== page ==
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Forecast: N.E. Won't Hit Pre-Recession Job Levels Until 2015

This article is more than 7 years old.

The New England economy will continue its slow growth rate, with the region likely to return to pre-recession employment levels sometime in 2015, according to a forecast released Tuesday morning in advance of a conference in Boston on Thursday.

Economists with the New England Economic Project see overall economic growth in New England averaging 3.3 percent per year through 2016 with employment growth averaging 1.4 percent over that period.

The regional housing market is helping to drive growth while weaknesses in the European economy and the impacts of federal spending cuts are hurting the area’s economy, according to the forecast.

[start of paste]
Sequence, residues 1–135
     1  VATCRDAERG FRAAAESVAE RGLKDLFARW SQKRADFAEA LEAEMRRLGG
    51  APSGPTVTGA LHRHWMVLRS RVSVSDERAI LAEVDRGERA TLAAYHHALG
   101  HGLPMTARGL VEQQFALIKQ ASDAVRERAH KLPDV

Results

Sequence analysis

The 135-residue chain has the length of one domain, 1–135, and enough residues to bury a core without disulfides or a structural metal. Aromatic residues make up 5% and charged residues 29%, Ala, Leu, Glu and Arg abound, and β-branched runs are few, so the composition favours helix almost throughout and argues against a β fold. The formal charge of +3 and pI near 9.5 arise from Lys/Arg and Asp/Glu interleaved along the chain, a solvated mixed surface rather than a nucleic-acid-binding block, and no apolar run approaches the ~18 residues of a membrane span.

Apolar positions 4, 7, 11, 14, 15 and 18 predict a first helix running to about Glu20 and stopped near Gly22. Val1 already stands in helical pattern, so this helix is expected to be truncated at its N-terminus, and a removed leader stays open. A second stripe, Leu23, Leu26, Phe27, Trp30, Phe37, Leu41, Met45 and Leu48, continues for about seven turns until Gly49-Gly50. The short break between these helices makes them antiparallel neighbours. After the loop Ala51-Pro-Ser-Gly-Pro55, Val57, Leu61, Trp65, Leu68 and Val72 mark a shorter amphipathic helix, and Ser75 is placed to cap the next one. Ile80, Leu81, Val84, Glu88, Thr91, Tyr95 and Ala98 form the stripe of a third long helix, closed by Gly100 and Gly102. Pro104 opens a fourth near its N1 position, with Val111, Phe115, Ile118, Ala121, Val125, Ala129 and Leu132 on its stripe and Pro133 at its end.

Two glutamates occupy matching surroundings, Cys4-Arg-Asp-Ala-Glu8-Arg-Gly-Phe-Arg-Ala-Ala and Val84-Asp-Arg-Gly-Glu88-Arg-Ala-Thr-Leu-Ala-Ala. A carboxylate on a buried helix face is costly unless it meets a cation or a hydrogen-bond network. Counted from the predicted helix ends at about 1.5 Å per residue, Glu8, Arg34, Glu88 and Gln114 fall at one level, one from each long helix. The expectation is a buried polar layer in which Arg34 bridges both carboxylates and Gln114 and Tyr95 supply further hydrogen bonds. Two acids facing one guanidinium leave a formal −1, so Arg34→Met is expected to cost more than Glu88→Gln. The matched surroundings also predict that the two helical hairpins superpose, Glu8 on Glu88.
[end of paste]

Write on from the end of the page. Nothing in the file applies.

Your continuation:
Among the New England states, Vermont and Massachusetts are seeing stronger recoveries while growth is lagging in Rhode Island and Maine, according to the NEEP economists. Massachusetts earlier this year reached its pre-recession employment levels.

Economists expect New England manufacturing employment to increase by about 1.3 percent from 2013 to 2016, with the potential for even stronger growth if the sector syncs up with the region’s research and development strengths.

Summaries of state forecasts are scheduled for release on Wednesday morning, one day ahead of a conference at the Federal Reserve Bank of Boston sponsored by The New England Council.

This program aired on May 21, 2013. The audio for this program is not available.

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